The Pennsylvania Supreme Court has dramatically increased the liability of employers for their employees’ latent occupational diseases based on its interoperation of the word “it.”  In the November 22, 2013 decision in Tooey v. AK Steel Corp.,the Pennsylvania Supreme Court stripped the protections of the Pennsylvania Worker’s Compensation Act for latent occupational diseases that manifest more than 300 weeks after employment ends.

The Pennsylvania Worker’s Compensation Act has an exclusivity provision that prohibits employees from bringing civil lawsuits against employers for injuries and diseases that are covered. According to the Act: “whenever occupational disease is the basis for compensation, for disability or death under this act, it shall apply only to disability or death resulting from such disease and occurring within three hundred weeks after the last date of employment.”

In Tooey, two former employees sued their employer for workplace asbestos exposure more than 300 weeks after their last date of employment.  The key issue for the Court boiled down to the interpretation of one word—“it”— in the Act. After a lengthy discussion of the rules of grammar and semantics, the Supreme Court of Pennsylvania sided with the employees and held that the word “it” refers to the Act—and not to compensation as the employer argued.  Thus the Act only applies to diseases occurring within 300 weeks, and the exclusivity provision of the Act did not bar the employees’ claims.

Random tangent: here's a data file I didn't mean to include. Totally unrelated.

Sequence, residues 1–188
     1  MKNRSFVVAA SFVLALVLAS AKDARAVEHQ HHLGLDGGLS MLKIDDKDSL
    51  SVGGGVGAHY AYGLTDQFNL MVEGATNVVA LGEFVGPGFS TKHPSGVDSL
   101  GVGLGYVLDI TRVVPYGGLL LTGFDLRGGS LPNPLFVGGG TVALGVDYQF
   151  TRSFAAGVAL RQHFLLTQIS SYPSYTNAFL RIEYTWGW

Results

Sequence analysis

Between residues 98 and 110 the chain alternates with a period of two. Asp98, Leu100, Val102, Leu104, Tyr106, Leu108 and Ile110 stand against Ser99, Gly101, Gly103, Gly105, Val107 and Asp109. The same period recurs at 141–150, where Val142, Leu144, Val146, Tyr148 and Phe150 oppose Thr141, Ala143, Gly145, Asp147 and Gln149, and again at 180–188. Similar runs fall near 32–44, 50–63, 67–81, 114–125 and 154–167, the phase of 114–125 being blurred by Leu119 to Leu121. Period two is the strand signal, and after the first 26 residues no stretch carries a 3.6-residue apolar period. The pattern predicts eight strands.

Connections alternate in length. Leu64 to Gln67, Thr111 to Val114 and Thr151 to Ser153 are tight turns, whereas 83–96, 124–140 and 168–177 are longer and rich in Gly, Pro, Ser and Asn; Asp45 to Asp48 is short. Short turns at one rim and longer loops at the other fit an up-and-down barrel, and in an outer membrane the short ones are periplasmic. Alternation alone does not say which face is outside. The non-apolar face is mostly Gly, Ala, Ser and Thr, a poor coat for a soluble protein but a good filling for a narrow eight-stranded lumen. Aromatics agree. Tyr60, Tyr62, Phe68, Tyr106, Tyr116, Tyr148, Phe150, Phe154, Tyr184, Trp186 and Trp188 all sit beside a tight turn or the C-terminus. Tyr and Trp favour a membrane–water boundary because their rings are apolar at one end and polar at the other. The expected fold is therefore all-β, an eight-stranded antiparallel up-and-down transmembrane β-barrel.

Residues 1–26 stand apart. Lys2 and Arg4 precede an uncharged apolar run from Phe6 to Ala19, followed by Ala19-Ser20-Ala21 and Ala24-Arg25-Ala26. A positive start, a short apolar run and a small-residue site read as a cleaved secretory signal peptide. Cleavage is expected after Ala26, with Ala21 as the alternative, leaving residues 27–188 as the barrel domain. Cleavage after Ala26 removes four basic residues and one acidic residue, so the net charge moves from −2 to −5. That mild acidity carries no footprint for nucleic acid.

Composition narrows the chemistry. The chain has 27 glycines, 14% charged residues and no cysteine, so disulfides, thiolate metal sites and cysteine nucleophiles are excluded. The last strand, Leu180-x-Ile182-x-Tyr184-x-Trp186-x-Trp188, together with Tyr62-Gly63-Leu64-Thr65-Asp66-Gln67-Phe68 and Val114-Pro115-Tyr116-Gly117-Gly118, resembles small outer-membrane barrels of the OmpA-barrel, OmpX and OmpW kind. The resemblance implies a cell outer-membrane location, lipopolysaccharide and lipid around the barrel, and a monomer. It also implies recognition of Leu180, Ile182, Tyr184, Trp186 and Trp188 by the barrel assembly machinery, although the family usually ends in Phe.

This decision now allows former employees with occupational diseases to sue their employers directly for diseases that manifest more than 300 weeks after employment ends.  While some other provisions of Pennsylvania law may limit Tooey’s holding, it is clear that the Pennsylvania Supreme Court’s decision has shifted the ground on which latent disease cases are litigated against former employers.